Design tips for balanced audio connections
Balanced connections does not automatically guarantee hum free connections, but well designed balanced connection avoid problems in very many cases. Infortunately there are many equipments where the balanced connections are not designed well, so they do not perform as well as you woudl expect them to do.
Grounding of inputs and outputs
The grounding of audio cables have
Grounding in balanced audio connections
It is absurd that you cannot go out and buy pro audio equipment from several different manufacturers, buy standard off-the-shelf cable assemblies, come home, hook it all up and have it work hum and noise free. Use only balanced lines because they were develloped to provide good isolation against external interfences. Tie the shield to the chassis, at the point it enters the chassis, and at both ends of the cable. Standard XLR cables come with their shields tied to pin 1 at each end (the shells are not tied, nor need be), this means equipment using 3-pin, XLR-type connectors must tie pin 1 to the chassis (usually called chassis ground) not the audio signal ground as is most common.
If the grounding od XLR pin 1 is done correctly in the equipments the currents running in the cable shield easily cause humming inside the equipment electronics. This has lead to a situation that not using signal ground is a common practice in pro-audio practice. This is not a good solution to the problem.
Design rules used in professional audio equipment design
Audio-frequency groundloop problems are typically in the low millivolt range. As a general design rule, true professional equipment designed for the real world of Pro Audio should not have its mains/chassis ground and electronics ground permanently and directly connected. It should either be totally isolated / switchable or have the chassis and electronic ground connected via a soft coupling resistive/capacitive network.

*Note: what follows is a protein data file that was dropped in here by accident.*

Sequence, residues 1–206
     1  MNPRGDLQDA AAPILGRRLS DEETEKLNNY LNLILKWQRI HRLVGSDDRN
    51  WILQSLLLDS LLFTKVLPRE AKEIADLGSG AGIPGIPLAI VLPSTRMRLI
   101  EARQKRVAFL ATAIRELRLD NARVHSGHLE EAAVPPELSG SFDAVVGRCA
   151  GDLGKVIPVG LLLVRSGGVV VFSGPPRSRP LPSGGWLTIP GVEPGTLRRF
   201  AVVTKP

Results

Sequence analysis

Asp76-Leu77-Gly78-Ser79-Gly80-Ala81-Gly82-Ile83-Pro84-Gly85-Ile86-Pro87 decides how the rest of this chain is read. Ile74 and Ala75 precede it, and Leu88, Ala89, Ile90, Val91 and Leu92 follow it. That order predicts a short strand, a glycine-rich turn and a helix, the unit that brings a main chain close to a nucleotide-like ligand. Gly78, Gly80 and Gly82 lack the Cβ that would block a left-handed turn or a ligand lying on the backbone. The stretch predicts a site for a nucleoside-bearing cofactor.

Good balancing of the signal is absolutely necessary for the balanced inputs to work as espected. Balancing means that the inputs and outpus use different signals, but that's not all. Balancing also means that the cables are impedance balanced: both wires in the pair see the same impedance. The impedance balancing is absolutely necessary for reliable operation in real world situations. If the impedances are not properly balanced the equipment might give good CMRR figures on typical test bench measuring setup but perform quite poorly on real-world situations.
In the sending end the ba�ancing is easy to use. Just match the output impedances of the output amplifier stages by using same size output resistor for both inverted and non-inverted outputs.
For ba�anced inputs you must select a differential input circuit which really shows the same impedance to both inverting and non-inverting inputs. Quite many basic differential amplifier schematics show different imepdance values to those input. So be careful in the design process and analyze the input impedances carefully.
Floating transformer inputs and outputs are also a good way to do the impedance balancing. Floating input and output will be automatically balanced if a good audio transformer is used.
Tomi Engdahl <[email protected]>